Book Review: Wilderness Plots

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This spring, I spent a lot of time listening to a song on the sampler cd for the Ohio River Valley Folk Festival. It was a song by Carrie Newcomer called, “One Woman and a Shovel.” It was a beautiful but odd kind of song, that as far as I could tell, appeared to be about a town where a dam got built, and then the damn brought disease, and so the folks in the town decided themselves to go tear the damn down. The chorus goes:

When it’s time to say enough and set things right
The whole world’s waist deep in trouble
Never doubt or question the power of love
Or one woman with a shovel.

You gotta love those lyrics. Well, come to find out, this strange song is based on a little book written by Indiana author Scott Russell Sanders called Wilderness Plots. In the course of doing research for a novel he was writing, Sanders started writing teeny, tiny little character sketch, story thingys based on the research he was doing. And then he decided these little story thingys were pretty interesting in and of themselves. And so he put them all together and published them as Wilderness Plots. Along comes a group of Indiana songwriters who decide to write songs inspired by the little story thingys. Now you have a show that will be in Madison next Friday at the Ohio Theatre called The Wilderness Plots, with the musicians singing the songs and Scott Russell Sanders reading some of the stories. So I thought I’d check out the book before we go next Friday.

Wilderness Plots is a scattering of stories inspired by Sanders’ research on folks living in roughly the area of today’s Ohio and Indiana during the period of early settlement up until the Civil War. Mostly, as Sanders discusses in the introduction, they’re historical afterthoughts. The stories aren’t about particularly famous people, though there’s one towards the end about Ulysses S. Grant’s grandfather. Mostly they’re about everyday life, the people who only warranted a sentence in the historical accounts, but an interesting and suggestive sentence all the same. The woman who went out with her shovel to tear down a dam. The man who left his white wife to go live with an Indian wife until she became too unruly for him to handle. The carpenter who worked in exchange for room and board and then spent all his time telling folks about his lost love. The border skirmishes between Ohio and Michigan. The freed slave who carved pencils and sewed together workbooks for a school in exchange for sitting in the classroom so that she could teach her children who weren’t allowed in the white schools.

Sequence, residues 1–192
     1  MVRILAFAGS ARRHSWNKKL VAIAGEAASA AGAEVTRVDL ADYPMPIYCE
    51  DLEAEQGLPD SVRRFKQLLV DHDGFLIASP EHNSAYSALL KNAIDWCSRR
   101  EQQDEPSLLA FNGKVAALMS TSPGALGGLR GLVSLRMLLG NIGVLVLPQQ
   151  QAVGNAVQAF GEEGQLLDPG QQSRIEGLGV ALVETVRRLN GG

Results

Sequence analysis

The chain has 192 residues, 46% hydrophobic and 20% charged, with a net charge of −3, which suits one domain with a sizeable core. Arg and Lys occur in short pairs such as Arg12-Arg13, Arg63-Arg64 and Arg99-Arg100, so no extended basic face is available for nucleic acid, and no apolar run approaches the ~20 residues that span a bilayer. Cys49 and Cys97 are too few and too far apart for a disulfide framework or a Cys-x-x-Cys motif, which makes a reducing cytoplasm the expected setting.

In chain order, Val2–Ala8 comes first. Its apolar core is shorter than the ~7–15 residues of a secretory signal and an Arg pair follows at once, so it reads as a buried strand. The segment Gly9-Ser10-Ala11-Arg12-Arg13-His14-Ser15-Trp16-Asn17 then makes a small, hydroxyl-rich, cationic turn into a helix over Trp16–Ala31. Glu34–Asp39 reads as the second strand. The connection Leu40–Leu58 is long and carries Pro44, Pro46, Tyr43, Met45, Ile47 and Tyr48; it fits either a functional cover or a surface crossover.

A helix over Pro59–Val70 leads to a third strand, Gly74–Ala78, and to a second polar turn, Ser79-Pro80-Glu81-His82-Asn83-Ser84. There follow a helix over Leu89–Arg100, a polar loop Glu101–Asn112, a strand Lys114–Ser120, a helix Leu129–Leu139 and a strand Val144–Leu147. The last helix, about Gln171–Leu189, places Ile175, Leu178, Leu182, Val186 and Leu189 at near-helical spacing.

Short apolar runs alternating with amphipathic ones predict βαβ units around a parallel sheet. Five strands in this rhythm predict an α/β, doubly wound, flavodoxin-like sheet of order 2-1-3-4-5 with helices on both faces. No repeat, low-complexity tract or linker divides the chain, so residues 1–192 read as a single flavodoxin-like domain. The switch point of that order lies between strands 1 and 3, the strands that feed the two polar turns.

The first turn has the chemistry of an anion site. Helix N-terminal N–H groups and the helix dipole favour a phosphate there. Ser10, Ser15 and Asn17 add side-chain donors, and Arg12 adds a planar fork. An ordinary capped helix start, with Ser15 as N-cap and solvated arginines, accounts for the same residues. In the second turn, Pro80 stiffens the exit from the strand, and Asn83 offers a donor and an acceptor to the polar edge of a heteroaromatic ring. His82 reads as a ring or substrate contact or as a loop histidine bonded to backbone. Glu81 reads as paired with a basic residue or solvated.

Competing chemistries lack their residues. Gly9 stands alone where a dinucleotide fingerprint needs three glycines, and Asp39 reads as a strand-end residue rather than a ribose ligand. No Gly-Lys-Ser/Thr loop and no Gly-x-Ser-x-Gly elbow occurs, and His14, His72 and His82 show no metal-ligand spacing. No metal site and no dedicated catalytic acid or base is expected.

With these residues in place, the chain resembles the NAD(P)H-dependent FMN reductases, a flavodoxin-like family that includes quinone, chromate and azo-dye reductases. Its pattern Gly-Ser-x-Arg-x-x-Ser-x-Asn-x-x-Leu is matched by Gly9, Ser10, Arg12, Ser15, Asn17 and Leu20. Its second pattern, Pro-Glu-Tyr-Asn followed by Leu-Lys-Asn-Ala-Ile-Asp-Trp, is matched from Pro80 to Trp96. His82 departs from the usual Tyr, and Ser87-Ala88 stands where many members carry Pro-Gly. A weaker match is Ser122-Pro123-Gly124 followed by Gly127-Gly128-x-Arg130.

The longest story in the book is 3 pages long, and it’s hard to say for any given story how much is historical record and how much is Sanders filling in. You don’t much care in the end. The stories together evoke a way of life, like glimpses seen through the cracks in a wooden fence. They say quite a lot by not saying much at all. It’s easy to forget how nice that can be.

Probably my favorite little story is the very last one, The Manner of Their Dying, and here’s how some of it goes:

Here is the manner of their dying:
Rachel Street, sent to fetch water from a spring, was killed by the falling of a tree.
Eliakim Goss drank too much tanglefoot whiskey while out surveying, and that dire liquid, plus the heat, finished him off.
Sticking with his gristmill during the April flood, George DePeyster was carried away with it down the Tuscarawas River.
Robert Wright, owner of a bad reputation, was found on the banks of Silver Creek with his throat cut from ear to ear.
While his brother was stealing honey, Israel Coe diverted a swarm of bees, which stung him to death….
Their dying was as various as their living, such a compost of souls.

Isn’t that beautiful?

Tomorrow on Madison Monday, read about the folks who stopped by Madison this weekend on their way floating down the river on a shantyboat.

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